Upgrades: fort

In the five days that Faustina ran around former northern State of Mississippi with two legions, her boys from Fourth have not been idle.

I’ve DayJob this weekend and Monday so am not sure about another update.  I’ve seen how she gets her army back to Vicksburg and did a little research about what comes next.  But that “what comes next” will be another 15k word arc.  Before I do that, I must sit down and make a complete re-assessment of the staff of the 4+1 legions she has at her disposal.  My clutch of hand-written notes scattered over five pages just is not holding up anymore.


“Such good boys!” Faustina whispered late the next afternoon, looking at the improvements Samson and Fourth Legion had made to their fort in a mere five days.

A thousand feet on a side with the usual twelve-foot wall behind an eight-foot trench, they had built towers for observation and machine guns every one hundred feet.  The timber had come from the nearby forest which was now chopped flat for a half-mile in every direction, providing a clear field of fire.  What wood they had not yet used was stripped and stacked inside the fort, where, she noted, there were already some permanent structures constructed:  a command post and a makeshift hospital.

“Planning on staying, Samson?” she asked with an honest smile, taking his hand after returning his salute.

“Truth be told, General, depending on the summers here, if you see fit to grant me title, maybe I will!” he agreed with her.  “Don’t think for a minute this was all my idea:   now that they think they’re badass veterans, the junior centurions got it into their heads to show First and Second what they could do.”

She considered the daylight left in the sky.

“Can you call your men together before sunset, that I may praise them?” she asked, leaning in close to him.  Faustina watched him think that over for less than three seconds before turning to his staff and issuing a string of orders.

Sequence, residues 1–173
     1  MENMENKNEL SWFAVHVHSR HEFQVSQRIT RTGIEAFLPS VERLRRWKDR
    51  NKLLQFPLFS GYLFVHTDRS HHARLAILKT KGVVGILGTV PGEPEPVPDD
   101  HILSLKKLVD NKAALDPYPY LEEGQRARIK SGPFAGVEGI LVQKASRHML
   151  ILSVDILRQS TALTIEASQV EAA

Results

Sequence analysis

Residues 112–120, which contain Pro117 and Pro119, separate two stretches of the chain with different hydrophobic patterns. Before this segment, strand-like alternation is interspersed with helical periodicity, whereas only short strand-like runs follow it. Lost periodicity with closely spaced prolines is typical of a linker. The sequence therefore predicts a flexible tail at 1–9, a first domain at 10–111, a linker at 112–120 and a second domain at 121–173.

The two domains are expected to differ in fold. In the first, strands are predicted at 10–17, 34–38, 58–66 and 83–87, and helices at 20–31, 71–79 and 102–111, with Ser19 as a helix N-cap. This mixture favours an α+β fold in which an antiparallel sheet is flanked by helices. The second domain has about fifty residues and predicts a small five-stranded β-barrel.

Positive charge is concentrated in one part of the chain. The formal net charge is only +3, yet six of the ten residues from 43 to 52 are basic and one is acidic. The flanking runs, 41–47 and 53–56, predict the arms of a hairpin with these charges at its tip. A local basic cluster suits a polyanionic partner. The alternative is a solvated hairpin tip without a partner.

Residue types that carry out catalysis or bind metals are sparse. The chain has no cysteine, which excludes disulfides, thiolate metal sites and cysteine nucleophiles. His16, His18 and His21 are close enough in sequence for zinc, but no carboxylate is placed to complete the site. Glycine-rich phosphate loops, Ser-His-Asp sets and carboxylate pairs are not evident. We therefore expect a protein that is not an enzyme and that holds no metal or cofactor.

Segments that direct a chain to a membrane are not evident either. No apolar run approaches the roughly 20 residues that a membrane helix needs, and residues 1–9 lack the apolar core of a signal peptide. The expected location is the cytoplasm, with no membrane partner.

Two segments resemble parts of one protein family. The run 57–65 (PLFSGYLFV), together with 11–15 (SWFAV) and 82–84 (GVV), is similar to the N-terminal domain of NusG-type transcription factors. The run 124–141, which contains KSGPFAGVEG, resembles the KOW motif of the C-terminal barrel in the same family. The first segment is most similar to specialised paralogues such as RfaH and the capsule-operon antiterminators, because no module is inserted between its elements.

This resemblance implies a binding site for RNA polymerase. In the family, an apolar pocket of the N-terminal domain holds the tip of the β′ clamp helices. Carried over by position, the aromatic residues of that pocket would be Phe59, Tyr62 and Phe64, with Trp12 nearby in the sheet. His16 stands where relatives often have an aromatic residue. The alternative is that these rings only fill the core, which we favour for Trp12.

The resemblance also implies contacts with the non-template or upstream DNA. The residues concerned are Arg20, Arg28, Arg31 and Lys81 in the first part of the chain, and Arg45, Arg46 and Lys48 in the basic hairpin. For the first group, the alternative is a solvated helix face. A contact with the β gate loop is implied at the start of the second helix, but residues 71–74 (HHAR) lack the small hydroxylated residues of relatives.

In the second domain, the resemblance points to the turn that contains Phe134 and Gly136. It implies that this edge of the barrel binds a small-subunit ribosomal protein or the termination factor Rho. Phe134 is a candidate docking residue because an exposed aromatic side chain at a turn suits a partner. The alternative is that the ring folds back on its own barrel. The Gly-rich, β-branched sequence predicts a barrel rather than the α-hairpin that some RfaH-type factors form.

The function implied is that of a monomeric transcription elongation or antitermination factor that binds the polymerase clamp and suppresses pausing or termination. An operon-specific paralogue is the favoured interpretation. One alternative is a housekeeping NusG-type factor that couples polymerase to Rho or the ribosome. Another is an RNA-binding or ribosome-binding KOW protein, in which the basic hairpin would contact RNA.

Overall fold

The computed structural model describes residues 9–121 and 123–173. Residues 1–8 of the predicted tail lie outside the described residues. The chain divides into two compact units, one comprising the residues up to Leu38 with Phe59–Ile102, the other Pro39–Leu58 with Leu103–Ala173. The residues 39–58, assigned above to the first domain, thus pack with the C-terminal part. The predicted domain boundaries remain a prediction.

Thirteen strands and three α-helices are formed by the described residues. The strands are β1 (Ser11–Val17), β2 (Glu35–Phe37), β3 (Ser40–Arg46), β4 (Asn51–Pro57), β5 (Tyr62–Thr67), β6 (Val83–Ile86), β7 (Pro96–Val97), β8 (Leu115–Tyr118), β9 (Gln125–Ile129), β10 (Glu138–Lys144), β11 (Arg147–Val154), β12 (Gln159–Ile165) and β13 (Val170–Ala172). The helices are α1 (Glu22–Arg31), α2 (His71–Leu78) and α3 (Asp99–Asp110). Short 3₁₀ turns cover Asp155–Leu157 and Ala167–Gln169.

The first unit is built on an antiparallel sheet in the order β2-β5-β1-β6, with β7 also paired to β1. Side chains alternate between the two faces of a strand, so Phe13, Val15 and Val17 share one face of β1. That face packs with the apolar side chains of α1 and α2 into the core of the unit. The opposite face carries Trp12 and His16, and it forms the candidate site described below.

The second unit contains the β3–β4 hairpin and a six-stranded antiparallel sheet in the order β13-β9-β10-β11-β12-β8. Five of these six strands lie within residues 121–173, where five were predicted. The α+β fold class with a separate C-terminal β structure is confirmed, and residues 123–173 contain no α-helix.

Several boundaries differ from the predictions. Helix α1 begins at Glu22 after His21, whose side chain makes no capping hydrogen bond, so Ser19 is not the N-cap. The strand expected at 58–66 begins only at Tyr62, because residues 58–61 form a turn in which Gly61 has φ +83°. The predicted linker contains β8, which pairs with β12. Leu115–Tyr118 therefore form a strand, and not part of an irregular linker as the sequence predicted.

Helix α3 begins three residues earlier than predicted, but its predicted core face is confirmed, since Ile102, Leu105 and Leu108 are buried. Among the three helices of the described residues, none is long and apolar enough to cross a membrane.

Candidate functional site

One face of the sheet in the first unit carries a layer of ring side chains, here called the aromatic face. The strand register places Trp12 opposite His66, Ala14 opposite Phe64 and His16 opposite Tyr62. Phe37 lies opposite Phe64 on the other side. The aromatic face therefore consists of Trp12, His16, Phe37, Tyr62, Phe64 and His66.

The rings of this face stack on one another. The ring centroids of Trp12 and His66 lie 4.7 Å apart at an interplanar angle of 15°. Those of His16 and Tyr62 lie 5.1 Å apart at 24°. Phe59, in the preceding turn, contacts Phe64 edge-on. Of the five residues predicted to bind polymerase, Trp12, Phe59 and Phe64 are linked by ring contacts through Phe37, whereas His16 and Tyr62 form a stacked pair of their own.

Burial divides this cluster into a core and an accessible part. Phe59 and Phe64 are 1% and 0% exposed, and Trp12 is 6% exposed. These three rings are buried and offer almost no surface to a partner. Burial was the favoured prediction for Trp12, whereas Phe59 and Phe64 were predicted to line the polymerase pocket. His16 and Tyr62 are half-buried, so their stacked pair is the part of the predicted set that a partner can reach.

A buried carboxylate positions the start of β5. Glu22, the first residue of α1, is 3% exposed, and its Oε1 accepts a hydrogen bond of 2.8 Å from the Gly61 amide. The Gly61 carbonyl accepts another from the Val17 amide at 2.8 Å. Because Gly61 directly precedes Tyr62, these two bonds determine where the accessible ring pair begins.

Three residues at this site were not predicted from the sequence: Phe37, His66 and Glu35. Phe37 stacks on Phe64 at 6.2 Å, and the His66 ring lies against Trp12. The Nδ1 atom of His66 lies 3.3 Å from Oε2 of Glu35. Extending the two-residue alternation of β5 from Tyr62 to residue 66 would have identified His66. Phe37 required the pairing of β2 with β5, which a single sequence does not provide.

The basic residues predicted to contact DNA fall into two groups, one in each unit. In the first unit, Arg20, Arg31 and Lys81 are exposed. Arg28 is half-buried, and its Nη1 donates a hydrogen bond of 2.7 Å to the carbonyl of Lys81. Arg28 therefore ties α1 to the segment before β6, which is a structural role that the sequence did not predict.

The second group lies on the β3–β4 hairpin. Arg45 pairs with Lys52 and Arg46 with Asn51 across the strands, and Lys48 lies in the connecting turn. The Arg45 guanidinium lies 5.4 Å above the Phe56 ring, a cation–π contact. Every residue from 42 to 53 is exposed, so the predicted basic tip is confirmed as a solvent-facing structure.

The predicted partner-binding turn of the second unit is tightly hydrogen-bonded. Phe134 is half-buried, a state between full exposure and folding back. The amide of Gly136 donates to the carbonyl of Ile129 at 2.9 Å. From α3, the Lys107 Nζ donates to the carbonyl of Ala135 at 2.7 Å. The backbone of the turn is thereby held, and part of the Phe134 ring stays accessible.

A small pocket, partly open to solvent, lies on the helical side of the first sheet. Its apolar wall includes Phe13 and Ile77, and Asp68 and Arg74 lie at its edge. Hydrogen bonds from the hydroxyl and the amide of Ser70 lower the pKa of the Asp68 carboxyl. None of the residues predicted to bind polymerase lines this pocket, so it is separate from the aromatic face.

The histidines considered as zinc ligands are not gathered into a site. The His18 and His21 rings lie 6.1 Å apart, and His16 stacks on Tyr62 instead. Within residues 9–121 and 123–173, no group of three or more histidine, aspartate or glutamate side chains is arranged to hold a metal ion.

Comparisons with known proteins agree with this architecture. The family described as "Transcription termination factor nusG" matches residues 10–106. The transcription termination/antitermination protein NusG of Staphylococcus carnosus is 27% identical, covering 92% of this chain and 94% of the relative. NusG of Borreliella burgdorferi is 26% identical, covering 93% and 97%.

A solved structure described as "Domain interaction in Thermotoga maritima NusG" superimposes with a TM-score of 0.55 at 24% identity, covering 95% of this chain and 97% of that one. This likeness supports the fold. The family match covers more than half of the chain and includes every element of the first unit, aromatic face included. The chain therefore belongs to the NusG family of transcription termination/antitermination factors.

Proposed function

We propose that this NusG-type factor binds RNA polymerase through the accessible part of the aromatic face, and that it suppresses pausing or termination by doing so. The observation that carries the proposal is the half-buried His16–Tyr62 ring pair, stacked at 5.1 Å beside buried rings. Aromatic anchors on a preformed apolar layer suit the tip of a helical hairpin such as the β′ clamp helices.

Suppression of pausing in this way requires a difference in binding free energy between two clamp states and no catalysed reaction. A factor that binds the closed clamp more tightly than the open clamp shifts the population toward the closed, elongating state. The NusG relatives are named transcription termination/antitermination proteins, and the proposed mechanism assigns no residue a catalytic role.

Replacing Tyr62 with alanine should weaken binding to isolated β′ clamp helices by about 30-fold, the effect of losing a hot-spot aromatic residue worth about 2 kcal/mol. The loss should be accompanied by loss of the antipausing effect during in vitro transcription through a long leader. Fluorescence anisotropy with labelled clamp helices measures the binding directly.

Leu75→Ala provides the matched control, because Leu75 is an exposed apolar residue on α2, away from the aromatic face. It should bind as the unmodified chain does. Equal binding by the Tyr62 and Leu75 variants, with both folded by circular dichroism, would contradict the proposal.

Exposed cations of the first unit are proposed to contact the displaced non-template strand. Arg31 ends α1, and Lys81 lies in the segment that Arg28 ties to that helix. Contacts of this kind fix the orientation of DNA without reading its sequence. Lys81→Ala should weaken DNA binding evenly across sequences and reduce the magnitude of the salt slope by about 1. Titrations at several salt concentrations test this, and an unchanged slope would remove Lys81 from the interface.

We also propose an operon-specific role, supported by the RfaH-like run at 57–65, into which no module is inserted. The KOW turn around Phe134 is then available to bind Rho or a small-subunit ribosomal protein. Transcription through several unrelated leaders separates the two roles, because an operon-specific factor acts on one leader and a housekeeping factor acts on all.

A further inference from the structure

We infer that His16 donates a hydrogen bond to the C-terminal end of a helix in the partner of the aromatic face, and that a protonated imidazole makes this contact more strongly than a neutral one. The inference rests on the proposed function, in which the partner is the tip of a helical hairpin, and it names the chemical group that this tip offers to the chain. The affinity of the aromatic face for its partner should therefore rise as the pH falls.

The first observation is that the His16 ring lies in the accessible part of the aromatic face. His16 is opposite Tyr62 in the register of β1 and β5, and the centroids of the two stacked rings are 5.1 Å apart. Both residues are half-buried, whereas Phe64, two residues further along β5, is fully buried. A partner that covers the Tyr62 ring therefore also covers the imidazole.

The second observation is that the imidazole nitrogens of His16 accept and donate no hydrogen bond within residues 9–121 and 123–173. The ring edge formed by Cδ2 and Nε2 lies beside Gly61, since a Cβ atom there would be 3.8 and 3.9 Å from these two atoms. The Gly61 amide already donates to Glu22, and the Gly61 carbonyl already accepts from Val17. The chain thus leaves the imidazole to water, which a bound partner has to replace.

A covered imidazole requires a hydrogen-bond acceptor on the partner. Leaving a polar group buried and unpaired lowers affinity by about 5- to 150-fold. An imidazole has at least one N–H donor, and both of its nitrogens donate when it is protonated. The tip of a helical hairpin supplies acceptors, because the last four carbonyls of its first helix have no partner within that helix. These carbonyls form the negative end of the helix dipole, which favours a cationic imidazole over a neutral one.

“Except for those on patrol or guarding the POW, they’ll be here,” he announced.

“Here’s a partial fix, legate:  draw them up near the POW camp.  That way, only the patrollers miss out.” She paused.  “I’ll make it up to them later.”

She watched him mentally kick himself for not thinking of that before issuing more orders.

“And speaking of which, I’d like to see what you have done for the former Army of Tupelo.” Faustina waved at the east gate.  “Is it as impressive as what you have done here?”

“Heaven’s, Empress,” Samson almost smiled, “we don’t want them that comfortable!”

The wooden palisade was such that a full-grown man could have squeezed between the posts.  That wasn’t the point.  The gaps made it easier for her men to shoot in if the prisoners failed in preventing any of their fellows from trying to escape.

“Have there been any escapes or attempts?” she asked, pausing about a hundred yards from the camp.

“Just on the second night after you left,” Samson admitted.  “They didn’t make it.  Rather than randomly firing into their mass, I told Forrester to give me ten men who knew about their attempt.  Once he did, I had them executed by firing squad in clear view of the rest of the prisoners.  Forgive me for exercising my latitude.”

“Legate Samson!  I reward my men who can improve my ideas!” she said louder than necessary.  “When I discharge you from my legions you shall be baronet of Jackson, the gateway to Vicksburg!  I hope to visit your grandchildren on your estates someday!”

“Empress!” he cried with a bow.  She was more interested to see the reactions of the rest of her men.  Yeah, they got the point:  they can be peers, too, if they serve me with distinction.  Fourth Legion is going to kill themselves to impress me.

“Let me know, legate, when the Fourth is assembled where they can hear me, I’ll,” she sighed, “be doing paperwork.”

Yet another tribute to her faith in Samson, he sent a runner to her just two hours later.  Faustina took nearly another half-hour to walk through their ranks to the small dais which had been quickly constructed for her.  She saluted them then waited with inhuman stillness for the cheering to stop.

“Men of Legion Four!” she shouted.  “No!  My veterans of Fourth Legion!”

More cheering mixed with what she expected.

“What was that?  What did you say?” she yelled back at them, grinning.  “Why, thank you for correcting me!”

Faustina took a huge breath.

“My Boys!  I am so proud of y’all!” she whooped.


“That,” Arpad observed over their sparse dinner of bean and bacon soup with crusty fresh bread made by Fourth’s kitchen, “was about the best motivational exhortation I have heard in my entire military career.”

“Oh, please, Dad,” Ryland sighed, rolling her eyes to the top of the tent.

“You know,” he replied to his early teen daughter with some anger in his voice, “we don’t lie to family, New Princess.”